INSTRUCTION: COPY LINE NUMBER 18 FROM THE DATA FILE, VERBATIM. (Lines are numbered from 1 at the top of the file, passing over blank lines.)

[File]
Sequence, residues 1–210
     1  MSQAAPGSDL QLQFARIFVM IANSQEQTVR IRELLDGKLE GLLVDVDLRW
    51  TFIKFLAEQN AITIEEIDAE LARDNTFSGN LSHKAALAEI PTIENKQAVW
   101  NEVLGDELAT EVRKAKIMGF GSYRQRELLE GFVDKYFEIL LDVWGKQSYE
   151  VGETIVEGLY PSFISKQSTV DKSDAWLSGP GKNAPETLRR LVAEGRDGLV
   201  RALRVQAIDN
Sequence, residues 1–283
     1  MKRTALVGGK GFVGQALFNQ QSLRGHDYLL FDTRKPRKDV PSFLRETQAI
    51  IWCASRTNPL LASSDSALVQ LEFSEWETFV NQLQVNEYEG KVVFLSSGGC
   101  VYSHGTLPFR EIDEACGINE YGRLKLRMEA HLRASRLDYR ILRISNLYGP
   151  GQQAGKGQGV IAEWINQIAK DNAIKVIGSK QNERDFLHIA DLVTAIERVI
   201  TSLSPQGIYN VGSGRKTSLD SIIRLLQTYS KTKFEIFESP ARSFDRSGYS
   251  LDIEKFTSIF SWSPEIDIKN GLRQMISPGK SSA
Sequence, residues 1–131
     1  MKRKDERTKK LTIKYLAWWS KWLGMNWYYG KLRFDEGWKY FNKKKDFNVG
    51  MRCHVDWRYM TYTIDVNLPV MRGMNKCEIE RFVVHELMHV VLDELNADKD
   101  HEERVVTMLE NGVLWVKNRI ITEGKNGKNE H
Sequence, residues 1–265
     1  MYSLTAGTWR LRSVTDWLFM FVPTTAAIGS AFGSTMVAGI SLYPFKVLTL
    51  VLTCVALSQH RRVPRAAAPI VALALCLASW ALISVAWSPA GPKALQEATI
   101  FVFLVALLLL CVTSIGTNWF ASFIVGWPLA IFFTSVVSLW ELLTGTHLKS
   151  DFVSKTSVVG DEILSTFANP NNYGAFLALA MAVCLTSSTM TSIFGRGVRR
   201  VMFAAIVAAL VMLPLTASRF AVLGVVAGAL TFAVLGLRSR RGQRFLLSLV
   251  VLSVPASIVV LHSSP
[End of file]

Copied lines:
Sequence, residues 1–265